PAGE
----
Today, People Magic is still going strong, and Chalmers is still getting people off their seats. In March, he had a few minutes to speak at the Neighborhood Development Center's Twin Cities banquet before the keynote address by U.S. Sen. Paul Wellstone. Dave Bonko, the center's marketing director, says Chalmers' speech "touched just about everybody." So everybody stood to let him know it.

"That's pretty tough to do in five minutes of time," says Bonko, who earlier this year began helping Chalmers market his company.

Welstone, acknowledging the inspiring delivery, told the audience he had to scrap his prepared speech.

"It's a natural thing," Chalmers says about his speaking prowess. "I don't know how it happened."

Although he might appear destined for his current line of work, People Magic might never have happened of Chalmers hadn't picked up judo 25 years ago. His judo instructor also was teaching sociology at Bloomington High School, and one day the instructor asked Chalmers to speak to his classes. He accepted, and soon other teachers were asking Chalmers to speak to their students.

While he was touring the high school classroom circuit, the wife of a Bloomington teacher happened to be organizing an arts festival for disabled adults at the College of St. Thomas. She heard about the popular speaker and asked Chalmers to give the keynote address at the festival. It would be his first paid speaking engagement, and Chalmers wanted to make sure he was giving his employers their money's worth.

"I know I had to come up with some shtick that I had never done before," he says. So Chalmers asked a professional magician from his judo class to teach him something to spice up his deliver. At the festival, he showcased a revised routine complete with a colored scarves trick.

The shtick must have worked--Chalmers received the highest rating out of all the speakers.

"I thought, 'Hey, there's got to be something there,'" he recalls.

After a few more years of speaking and training on the side, budget cuts at his job with then-St. Paul mayor George Lattimer forced Chalmers to take the plunge into starting his own business.

While Lattimer was sorry to let his administrative aide go, Chalmers told him, "This is the kick in the butt that I need." With some financial help from the late Tom Ryan, a county contractor and lobbyist who had suggested the new venture, People Magic opened in January 1985.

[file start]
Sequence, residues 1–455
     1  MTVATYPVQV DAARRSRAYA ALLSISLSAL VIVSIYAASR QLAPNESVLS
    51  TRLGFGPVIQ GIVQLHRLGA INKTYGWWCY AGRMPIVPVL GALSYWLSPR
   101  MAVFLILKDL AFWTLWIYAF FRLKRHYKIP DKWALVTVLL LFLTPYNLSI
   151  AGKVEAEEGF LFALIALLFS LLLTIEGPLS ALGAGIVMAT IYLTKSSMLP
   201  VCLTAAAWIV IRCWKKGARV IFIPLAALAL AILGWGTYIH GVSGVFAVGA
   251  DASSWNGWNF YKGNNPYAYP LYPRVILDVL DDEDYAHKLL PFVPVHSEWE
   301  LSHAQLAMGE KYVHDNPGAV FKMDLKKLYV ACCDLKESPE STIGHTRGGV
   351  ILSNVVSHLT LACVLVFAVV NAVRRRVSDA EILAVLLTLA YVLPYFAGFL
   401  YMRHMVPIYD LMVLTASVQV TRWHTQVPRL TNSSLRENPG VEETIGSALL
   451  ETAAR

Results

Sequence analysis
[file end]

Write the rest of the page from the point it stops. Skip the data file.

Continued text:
The company has become a large part of his life, Chalmers says, adding that he likes the business work almost as much as the stage time. Bonko calls him a perfectionist, someone who is passionate about his work and very thorough with the details.

Ths smooth transition to the stage shouldn't come as a surprise to anyone who knew Chalmers as a kid. His kindergarten teacher once told Chalmers' mother that her son is always the first to volunteer.

"I guess I had this performing bug," he reasons.

Instead of sending him to a school for disabled students, Chalmers' parents sent him to a public school in his hometown near Chicago. Classmates weren't cruel, Chalmers says, just a little overprotective.

"I would fall down on the playground and ten kids would run to help me up," he says.

When Chalmers describes his childhood to people, some tell him that his parents were in denial of the child's obvious disability. His response?

"If it took being in denial to get where I am today, that's great!" Chalmers says, busting into a laugh. "Look at me now."

Now he spends most of his days plowing through a new marketing list of potential clients 8,000 names long. People Magic is about to get busier, and Chalmers relishes the work ahead.

"I'm only on the B's," he says with a grin.

When the disability issue is brought up, Chalmers discussed the importance of regarding people for who they really are, not what they might first appear to be. It's a struggle all people face.

"I just wound up making a business out of it," he says.